Every time you do this, you are gaining experience and moving forward. That's all we are focusing on right now. If fear is the only thing standing between you and your goals in life, you are going to have to someday face those fears if you are going to ever achieve your goals, so you might as well get it over with and face them NOW. Remember way back when I said there are two primary ways to gain confidence? There's actually a third, but we'll get to that later. I said experience was one—and we've already beat that dead horse—but now let's talk about another, perhaps even faster way, positive outcomes.
Nothing can boost your confidence more than having good results in the things you are trying to do. The thing to understand here is that it's all relative, and you can create your own positive outcomes by changing the goal, or context, like we did in the fear example earlier.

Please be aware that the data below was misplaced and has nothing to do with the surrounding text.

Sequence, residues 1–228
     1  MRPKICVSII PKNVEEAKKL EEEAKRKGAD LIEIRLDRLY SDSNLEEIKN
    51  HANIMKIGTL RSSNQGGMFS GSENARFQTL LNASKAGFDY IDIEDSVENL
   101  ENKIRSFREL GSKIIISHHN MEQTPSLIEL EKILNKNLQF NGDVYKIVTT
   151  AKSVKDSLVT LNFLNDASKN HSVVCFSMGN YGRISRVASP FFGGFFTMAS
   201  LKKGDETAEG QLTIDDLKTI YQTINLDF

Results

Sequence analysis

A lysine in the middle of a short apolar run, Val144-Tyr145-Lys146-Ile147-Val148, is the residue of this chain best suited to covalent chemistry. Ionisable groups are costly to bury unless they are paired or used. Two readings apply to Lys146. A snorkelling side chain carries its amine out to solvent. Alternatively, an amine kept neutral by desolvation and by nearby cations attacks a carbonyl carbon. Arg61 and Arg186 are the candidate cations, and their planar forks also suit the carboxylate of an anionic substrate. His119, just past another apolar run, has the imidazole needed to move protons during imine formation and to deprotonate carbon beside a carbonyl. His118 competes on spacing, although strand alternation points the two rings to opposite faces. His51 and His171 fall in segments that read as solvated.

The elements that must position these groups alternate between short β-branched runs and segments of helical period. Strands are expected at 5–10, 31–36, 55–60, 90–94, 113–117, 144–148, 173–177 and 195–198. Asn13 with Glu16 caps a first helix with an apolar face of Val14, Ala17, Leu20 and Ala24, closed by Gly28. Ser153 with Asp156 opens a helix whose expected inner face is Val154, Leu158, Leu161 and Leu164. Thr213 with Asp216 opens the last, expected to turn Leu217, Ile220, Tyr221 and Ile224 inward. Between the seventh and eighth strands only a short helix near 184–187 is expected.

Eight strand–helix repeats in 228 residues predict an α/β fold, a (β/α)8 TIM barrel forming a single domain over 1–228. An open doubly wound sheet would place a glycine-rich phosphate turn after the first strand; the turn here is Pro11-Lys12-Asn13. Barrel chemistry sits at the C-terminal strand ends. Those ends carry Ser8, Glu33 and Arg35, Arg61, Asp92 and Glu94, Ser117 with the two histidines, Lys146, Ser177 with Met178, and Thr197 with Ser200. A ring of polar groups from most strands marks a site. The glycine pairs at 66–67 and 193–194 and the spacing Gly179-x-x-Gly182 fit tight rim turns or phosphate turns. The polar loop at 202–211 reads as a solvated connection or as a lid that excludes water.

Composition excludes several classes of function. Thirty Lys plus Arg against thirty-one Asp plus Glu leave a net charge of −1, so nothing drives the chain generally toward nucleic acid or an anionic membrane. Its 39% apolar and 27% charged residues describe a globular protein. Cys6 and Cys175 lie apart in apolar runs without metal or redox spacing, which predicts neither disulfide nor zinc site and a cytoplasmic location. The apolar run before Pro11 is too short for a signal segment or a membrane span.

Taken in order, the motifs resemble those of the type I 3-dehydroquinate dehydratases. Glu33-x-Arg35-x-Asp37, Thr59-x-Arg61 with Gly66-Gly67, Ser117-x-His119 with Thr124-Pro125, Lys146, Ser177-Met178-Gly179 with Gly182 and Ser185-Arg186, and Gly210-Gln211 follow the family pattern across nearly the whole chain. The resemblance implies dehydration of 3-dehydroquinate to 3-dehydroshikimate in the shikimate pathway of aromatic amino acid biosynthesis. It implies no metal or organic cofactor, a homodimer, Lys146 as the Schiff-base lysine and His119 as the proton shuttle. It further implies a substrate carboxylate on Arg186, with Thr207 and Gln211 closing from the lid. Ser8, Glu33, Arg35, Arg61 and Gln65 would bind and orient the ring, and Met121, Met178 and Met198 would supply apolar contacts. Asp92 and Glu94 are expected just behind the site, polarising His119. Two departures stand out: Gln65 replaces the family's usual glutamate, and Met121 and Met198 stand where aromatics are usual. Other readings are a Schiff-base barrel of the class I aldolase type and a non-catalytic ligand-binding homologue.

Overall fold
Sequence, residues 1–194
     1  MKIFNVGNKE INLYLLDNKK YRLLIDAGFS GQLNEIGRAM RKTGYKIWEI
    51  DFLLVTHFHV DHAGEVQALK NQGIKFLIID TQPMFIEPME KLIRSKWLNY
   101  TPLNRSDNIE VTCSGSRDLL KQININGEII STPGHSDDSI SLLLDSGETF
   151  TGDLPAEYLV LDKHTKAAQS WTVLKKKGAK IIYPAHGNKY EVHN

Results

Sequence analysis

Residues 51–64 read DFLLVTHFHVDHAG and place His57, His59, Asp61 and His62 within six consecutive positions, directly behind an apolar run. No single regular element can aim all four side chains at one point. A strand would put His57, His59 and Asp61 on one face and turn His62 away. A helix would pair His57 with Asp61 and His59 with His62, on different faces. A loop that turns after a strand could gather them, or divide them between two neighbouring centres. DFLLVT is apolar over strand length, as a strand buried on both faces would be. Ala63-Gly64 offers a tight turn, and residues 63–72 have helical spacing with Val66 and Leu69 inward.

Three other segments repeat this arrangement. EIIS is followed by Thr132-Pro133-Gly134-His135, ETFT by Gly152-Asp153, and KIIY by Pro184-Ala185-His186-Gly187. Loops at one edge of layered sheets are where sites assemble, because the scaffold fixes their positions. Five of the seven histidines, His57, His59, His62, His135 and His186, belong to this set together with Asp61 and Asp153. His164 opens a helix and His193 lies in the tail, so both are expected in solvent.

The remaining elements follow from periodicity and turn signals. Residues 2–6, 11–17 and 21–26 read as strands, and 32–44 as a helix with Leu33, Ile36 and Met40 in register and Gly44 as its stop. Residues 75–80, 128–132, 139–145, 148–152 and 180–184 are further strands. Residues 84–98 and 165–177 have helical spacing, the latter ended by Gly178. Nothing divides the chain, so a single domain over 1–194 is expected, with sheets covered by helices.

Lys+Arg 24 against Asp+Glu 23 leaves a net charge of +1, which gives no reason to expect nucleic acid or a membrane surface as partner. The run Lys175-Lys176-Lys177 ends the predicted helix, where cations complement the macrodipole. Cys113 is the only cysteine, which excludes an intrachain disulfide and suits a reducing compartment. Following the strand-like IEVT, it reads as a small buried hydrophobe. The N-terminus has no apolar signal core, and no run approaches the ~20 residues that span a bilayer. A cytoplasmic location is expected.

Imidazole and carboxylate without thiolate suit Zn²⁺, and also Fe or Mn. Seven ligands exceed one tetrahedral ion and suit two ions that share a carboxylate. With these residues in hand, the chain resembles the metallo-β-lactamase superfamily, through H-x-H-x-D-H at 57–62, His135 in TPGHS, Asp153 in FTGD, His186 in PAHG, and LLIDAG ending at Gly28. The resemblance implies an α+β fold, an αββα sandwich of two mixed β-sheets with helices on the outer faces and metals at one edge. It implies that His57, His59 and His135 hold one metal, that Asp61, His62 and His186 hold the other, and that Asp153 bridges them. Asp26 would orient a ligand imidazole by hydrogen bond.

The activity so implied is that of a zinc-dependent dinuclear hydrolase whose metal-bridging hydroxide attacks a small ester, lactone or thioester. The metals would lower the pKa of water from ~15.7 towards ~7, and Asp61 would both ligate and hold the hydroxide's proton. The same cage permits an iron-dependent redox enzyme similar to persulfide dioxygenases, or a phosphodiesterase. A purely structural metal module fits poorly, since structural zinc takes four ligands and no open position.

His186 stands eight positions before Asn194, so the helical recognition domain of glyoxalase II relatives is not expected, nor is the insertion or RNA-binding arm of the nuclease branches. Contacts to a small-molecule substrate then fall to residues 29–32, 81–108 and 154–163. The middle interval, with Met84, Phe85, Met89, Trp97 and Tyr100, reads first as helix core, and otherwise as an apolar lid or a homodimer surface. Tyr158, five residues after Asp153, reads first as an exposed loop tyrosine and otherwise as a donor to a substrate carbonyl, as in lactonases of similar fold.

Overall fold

Are You Good Enough?: 15 Ways to Build a Confident Mindset by Bill McFarlan
Positive outcomes greatly boost our confidence, because once we've already succeeded, we usually feel like we can succeed again. Although, sometimes our self-doubt is so strong that we attribute all of our successes to luck—which can also be a problem. So, one great way to build confidence is to get positive outcomes in the pursuit of the thing we are trying to gain confidence in. Many times people who seem naturally confident seem that way not because they are actually naturally confident, but because the first few attempts they made at a thing were met with great success and it created this virtuous cycle where their boosted confidence led to an inhibition of fear and thus more success.